The partnership was announced in a US Treasury Department press release on Sunday, which claimed the task force between the two countries would “protect critical financial infrastructure and emerging technologies” and work to “counter the threat ransomware poses to countries and the global economy.”
Wally Adeyemo, the deputy secretary of the US Treasury Department, warned in a statement that ransomware and “other illicit finance threats” posed “a grave challenge to Israel and the United States” and said a closer partnership between the two countries would be “critical” to the US’ economic and national security interests.
Israel and the US will share intelligence relating to cybersecurity threats under the new partnership and conduct “cross-border cybersecurity exercises.” The US Treasury Department will also take part in Israel’s CyberTech Global Tel Aviv conference next year.
“These actions are part of the Biden Administration’s whole-of-government, focused, integrated effort to counter the ransomware threat,” the Treasury’s press release concluded.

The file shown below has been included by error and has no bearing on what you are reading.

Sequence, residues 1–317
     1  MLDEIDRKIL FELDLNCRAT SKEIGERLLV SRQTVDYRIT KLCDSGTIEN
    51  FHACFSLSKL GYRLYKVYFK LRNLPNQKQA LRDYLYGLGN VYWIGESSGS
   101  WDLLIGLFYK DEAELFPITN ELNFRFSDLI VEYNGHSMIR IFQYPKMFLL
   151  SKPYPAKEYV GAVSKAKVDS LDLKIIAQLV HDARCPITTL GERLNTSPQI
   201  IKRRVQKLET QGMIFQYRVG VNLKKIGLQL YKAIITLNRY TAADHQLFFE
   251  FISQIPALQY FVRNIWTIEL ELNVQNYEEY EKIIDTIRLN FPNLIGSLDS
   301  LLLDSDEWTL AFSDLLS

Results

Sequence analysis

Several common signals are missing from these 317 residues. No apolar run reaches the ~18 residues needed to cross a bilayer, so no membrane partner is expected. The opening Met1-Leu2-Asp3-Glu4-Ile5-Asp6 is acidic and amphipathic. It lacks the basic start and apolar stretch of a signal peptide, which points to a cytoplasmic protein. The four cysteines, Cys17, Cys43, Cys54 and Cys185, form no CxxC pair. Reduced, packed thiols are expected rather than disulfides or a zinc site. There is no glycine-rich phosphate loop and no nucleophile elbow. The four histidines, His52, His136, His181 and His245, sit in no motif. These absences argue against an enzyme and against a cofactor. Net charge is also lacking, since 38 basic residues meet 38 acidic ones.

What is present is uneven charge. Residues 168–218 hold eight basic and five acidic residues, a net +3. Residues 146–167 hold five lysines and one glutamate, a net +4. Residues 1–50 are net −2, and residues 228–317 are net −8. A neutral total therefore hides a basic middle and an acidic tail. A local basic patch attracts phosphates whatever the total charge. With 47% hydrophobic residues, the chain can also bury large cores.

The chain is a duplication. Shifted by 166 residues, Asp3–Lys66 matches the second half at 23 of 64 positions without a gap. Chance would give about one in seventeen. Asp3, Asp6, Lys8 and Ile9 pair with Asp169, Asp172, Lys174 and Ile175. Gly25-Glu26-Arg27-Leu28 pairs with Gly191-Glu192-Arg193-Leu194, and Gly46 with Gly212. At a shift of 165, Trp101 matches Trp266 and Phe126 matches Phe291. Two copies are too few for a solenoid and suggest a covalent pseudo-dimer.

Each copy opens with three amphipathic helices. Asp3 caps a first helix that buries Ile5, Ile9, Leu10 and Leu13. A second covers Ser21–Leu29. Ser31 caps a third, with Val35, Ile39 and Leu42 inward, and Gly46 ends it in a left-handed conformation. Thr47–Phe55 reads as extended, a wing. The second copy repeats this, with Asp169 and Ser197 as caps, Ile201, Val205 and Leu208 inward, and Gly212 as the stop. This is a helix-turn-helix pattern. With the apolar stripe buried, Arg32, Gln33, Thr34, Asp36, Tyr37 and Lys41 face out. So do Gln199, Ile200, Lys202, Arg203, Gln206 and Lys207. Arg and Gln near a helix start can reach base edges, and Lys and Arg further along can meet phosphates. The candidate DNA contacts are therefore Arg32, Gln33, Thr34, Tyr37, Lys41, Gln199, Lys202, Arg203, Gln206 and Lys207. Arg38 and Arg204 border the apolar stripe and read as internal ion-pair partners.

The Israeli government has recently attempted to distance itself from the country’s NSO Group, which was found to be providing spy technology to foreign state customers in Saudi Arabia, the United Arab Emirates (UAE), and India, among others. Spyware created by the group has been detected on the devices of journalists and human rights activists around the world, and was even reportedly used to spy on French President Emmanuel Macron.
Earlier this month, Israeli foreign minister Yair Lapid argued in a press conference that NSO Group was “a private company” and “not a governmental project,” and therefore had “nothing to do with the policies of the Israeli government.”
The company, however, was given permission by the Israeli government to sell its services to customers in Saudi Arabia.
NSO Group and another Israeli spyware company, Candiru, were added to a US trade blacklist this month, with the US government ruling that such firms’ technology was used “maliciously” to target “government officials, journalists, businesspeople, artists, activists, academics, and embassy workers.”
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